Hanover gets update on chemical spill
At its meeting June 21, Hanover Township Council had a short meeting on the longest day of the year. The top agenda item was the recent chemical spill at TruGreen. The Department of Environmental Protection (DEP) brought in a subcontractor to start remediating soil in the swale. The resulting report was noncommittal. DEP is only there to process paperwork; the actual work is performed by EWMI, a special remedial task team from Northampton that has a good reputation addressing similar situations across the state.
TruGreen has a subsidiary, ENSI, that works with chemical spills. ENSI is on site. According to public works Director Jeffry Mouer, EWMI is conducting geo probes in the swale and taking air samples.
The paperwork pushers made no public comments on what caused the problem or how it occurred.
“[DEP] indicated they can’t make any determination until after they do the geo probes,” Mouer told the council.
The township receives a daily activity report that arrives late in the day, around 10 p.m.
The plan appears to be that any contaminated soil found during the geo probes is replaced. The when-and-where of any soil replacement remains unknown. Both businesses, TruGreen and Health Network Labs, are on land owned by Patriot Properties.
In other news, council passed four ordinances as a positive step to expanding roadways to accommodate expected truck traffic as the FedEx warehouse on Willowbrook Road nears completion. The new ordinances address changes at traffic light-controlled intersections. Three lights exist now — lights located at Airport Road and Race Street, intersection at Schonersville Road and the intersection at Willowbrook Road.
A new light pops up on Race Street and Cascade Drive. The Cascade Drive light might signal a larger bureaucratic agenda since relatively few existing businesses are on Cascade Drive now. Cascade could connect to Weaversville Road.
Solicitor Jackson Eaton asked for the traffic signal ordinances to be prepared for his review. Councilman Bob Heimbecker verified Willowbrook Road is turned over to the state once construction is complete and meets township and state standards.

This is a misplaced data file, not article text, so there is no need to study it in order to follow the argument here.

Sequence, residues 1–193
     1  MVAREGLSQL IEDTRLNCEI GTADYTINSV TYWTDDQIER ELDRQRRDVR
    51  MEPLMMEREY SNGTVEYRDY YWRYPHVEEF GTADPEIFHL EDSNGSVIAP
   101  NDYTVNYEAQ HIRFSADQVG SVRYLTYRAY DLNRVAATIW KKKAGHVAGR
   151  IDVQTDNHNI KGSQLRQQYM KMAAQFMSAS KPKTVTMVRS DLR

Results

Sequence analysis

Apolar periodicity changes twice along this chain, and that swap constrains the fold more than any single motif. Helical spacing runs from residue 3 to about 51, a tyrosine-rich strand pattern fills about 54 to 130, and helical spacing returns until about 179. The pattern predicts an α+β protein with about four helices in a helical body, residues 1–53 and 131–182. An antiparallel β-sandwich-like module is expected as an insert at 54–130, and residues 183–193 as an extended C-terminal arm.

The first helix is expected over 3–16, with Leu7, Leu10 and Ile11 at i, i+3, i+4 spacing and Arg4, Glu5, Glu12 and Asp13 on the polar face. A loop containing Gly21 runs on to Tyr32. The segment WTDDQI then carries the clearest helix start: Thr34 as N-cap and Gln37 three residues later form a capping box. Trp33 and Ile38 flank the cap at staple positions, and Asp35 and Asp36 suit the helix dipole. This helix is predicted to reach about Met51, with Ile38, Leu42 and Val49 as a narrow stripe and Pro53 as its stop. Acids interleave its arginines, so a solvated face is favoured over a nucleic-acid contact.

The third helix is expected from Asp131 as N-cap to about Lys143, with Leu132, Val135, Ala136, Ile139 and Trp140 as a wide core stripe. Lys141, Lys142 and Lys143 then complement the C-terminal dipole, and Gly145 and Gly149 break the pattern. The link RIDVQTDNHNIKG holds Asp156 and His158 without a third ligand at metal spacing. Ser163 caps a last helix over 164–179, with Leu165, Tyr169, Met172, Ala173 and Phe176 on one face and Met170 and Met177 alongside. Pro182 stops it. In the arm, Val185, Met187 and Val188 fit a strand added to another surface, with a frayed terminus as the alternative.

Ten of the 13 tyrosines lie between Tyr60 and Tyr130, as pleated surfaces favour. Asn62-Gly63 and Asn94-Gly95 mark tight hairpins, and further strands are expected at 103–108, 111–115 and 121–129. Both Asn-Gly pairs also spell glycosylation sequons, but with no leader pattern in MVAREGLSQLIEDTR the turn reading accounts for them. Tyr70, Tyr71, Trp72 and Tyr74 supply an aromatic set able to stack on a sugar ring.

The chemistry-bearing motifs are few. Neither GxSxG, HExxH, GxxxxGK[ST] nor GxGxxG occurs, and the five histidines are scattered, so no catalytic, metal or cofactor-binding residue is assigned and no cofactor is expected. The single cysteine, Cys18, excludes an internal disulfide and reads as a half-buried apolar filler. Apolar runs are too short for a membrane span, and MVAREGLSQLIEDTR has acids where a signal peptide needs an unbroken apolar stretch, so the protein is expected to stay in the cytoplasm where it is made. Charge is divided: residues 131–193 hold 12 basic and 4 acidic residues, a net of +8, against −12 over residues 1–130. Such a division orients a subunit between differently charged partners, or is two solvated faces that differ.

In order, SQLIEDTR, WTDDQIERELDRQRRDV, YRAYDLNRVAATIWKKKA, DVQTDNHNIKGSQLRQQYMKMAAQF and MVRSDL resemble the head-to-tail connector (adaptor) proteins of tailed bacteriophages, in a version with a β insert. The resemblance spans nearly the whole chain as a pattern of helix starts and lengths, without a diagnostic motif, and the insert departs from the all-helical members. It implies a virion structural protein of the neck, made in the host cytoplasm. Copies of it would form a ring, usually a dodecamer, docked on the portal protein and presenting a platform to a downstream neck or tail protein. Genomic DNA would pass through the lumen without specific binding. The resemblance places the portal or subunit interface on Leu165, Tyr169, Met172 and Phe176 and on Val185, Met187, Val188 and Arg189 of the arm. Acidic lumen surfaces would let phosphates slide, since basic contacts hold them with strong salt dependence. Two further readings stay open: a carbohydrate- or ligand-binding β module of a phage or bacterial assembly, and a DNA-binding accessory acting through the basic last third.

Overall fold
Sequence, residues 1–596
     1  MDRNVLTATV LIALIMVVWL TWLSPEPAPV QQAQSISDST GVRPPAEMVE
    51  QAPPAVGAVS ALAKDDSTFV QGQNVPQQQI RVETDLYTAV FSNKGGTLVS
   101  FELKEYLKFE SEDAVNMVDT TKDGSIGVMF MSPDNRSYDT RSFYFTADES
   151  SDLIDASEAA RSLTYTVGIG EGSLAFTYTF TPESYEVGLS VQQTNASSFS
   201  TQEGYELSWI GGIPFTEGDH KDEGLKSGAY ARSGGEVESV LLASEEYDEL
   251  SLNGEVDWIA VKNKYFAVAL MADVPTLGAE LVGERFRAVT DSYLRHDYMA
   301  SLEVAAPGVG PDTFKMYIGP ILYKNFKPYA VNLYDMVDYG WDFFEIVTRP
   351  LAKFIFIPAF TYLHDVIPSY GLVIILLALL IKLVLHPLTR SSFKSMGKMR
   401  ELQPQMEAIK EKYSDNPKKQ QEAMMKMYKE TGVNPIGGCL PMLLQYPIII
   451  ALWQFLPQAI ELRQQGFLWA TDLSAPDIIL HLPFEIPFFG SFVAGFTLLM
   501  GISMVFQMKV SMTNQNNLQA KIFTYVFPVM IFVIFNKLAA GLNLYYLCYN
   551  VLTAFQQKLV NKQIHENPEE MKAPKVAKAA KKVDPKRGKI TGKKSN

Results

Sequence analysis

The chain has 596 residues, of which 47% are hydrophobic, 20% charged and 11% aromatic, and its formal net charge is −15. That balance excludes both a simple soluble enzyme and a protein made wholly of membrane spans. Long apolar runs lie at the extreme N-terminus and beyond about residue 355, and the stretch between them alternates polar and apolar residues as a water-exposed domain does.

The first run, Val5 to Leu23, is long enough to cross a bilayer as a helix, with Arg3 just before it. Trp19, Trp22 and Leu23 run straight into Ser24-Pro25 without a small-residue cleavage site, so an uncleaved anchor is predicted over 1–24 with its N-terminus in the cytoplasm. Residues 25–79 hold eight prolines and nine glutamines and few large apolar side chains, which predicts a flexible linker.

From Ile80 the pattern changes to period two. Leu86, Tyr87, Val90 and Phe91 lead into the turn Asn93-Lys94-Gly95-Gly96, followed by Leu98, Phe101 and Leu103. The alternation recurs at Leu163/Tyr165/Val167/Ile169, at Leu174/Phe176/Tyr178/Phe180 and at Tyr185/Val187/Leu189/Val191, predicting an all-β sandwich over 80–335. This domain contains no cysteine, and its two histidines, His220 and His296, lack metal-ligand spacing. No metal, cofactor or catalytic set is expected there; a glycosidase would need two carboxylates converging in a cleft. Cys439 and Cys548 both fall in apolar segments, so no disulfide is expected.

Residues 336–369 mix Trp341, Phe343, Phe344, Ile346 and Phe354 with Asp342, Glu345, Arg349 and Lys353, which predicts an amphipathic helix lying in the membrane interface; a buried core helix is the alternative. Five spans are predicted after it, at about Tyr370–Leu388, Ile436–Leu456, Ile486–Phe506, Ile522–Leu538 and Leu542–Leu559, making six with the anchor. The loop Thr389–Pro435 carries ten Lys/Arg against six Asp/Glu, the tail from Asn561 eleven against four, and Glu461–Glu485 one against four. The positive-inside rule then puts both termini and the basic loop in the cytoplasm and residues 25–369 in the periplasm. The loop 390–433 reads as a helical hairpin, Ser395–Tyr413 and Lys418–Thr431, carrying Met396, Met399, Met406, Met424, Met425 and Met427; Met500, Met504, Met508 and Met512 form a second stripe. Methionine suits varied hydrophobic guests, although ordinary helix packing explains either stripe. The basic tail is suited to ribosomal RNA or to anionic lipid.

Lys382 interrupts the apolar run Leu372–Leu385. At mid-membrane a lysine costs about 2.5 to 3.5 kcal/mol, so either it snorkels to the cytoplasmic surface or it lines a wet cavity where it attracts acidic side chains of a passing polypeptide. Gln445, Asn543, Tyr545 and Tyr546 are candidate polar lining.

“I want to review things now, so we can be sure we are in compliance, so there are no problems down the road when we turn this over to PennDOT,” Eaton said.
He commented that title work details have consumed an enormous amount of time and effort for Rockefeller Group and their legal team.
In an added matter, Han-Le-Co Fire Chief Robin Yoder asked the council to approve the purchase of a new pump and rescue truck. The township budgeted $768,000 for the apparatus. Yoder had good news: the truck was spec’d out and came at a cost of $726,000.
“I think part of the reason we have the lower cost is we are accurate on our specifications, and we have a loyalty to Pierce as our manufacturer,” Yoder said.
More good news was if council would make the full payment now, the manufacturer would pay the township 4-percent interest while the vehicle was being built.
“This is a good deal for the township. Where else can you get 4 percent on your money?” Yoder asked.
It is a great deal for the manufacturer, too. Pierce does not need to borrow money for parts and earns interest on the township’s money while it sits in the bank. The price was negotiated on COSTARS, the state’s purchase program. The deal gives Pierce an added profit boost, making it a win-win for everyone.
The 4-percent interest paid to the township amounts to about $2,000 a month and is paid after the truck is delivered. Build time is estimated at 10 months.